The Rabbits

The Rabbits Metaphors and Similes

Some of The Food Made Us Sick (Metaphor)

When describing the animals and foods the rabbits bring to the marsupials' country, the narrator says that "some of the food made us sick." The statement accompanies an illustration of a rabbit handing a bottle to two marsupials, while another bottle lies empty on the ground. Given the illustration and the historical context of colonial invaders spreading alcoholism among Indigenous populations, the bottle is most likely alcohol. Oblivious to the addiction-forming and illness-causing properties of alcohol, the marsupials encounter the bottle as "food." In this way, the phrase "some of the food made us sick" is a figure of speech to say that the rabbits give the marsupials alcohol, which leads to detrimental health outcomes.

Many Grandparents Ago (Metaphor)

At the beginning of the story, the narrator says that the rabbits arrived in the marsupials' country "many grandparents ago." The phrase "many grandparents" is a metaphor for the hundreds of years that have passed since the rabbits first invaded the marsupials' territory.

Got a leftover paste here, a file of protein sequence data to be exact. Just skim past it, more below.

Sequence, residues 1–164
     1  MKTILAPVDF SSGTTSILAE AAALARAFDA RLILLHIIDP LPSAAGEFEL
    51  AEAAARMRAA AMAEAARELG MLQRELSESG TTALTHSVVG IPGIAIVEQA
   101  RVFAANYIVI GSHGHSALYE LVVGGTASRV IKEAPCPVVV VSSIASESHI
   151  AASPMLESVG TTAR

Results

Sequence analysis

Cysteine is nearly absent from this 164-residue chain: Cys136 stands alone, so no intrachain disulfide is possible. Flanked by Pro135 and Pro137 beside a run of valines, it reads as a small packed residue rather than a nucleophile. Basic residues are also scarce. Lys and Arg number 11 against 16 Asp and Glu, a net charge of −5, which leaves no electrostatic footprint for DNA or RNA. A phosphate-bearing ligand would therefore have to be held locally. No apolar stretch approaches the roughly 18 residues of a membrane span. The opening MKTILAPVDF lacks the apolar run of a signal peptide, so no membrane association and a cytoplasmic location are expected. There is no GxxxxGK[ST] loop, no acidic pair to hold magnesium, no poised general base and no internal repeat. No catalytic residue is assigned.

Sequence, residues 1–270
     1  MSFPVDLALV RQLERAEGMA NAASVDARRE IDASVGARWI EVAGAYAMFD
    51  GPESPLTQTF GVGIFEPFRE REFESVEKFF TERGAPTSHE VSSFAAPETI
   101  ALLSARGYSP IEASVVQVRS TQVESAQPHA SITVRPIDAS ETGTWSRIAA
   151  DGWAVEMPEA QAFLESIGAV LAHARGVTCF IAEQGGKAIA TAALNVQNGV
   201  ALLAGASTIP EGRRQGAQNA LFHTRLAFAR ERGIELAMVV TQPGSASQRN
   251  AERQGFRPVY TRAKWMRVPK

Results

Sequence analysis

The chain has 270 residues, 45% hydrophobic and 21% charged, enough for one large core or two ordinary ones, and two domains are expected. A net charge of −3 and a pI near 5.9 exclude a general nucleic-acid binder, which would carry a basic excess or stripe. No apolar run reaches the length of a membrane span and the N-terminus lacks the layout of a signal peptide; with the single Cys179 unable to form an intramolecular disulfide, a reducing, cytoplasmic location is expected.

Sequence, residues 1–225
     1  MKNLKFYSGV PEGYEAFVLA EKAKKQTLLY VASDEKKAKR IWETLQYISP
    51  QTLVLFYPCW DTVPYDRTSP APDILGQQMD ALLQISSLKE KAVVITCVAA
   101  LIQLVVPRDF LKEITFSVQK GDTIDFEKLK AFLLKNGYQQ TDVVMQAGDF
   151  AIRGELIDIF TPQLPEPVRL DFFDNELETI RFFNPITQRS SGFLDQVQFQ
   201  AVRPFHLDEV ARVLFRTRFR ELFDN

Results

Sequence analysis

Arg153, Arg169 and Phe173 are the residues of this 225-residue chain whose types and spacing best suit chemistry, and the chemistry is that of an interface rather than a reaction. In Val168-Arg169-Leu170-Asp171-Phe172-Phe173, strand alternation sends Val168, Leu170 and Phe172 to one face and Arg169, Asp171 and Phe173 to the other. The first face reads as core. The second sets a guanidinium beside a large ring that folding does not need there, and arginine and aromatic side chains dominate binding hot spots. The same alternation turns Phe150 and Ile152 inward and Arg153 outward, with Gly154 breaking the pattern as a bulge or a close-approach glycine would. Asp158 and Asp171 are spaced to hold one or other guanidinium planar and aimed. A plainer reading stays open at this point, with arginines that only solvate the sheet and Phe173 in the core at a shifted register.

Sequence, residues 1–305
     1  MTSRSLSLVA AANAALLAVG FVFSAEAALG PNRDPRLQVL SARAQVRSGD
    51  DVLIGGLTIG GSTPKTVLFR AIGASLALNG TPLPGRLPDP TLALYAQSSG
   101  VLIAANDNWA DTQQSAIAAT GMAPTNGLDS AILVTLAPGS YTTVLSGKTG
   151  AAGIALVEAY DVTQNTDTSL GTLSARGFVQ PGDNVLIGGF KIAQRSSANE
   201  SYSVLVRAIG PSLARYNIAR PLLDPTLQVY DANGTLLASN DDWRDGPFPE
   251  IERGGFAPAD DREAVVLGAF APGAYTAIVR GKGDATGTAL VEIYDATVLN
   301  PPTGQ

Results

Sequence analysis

They Won't Understand the Right Ways (Metaphor)

Although some marsupials encounter the first rabbits in their country with curiosity, the elder marsupials warn the younger marsupials to be wary of the rabbits because the rabbits "won’t understand the right ways." In this figure of speech, the elders express their concern that the rabbits—knowing only their own country—won't be interested in learning how to live in harmony with the land in the way the marsupials do. In this way, the "right ways" is a metaphor for the marsupials' ways that suggests the rabbits' ways will be detrimental to the marsupials' country.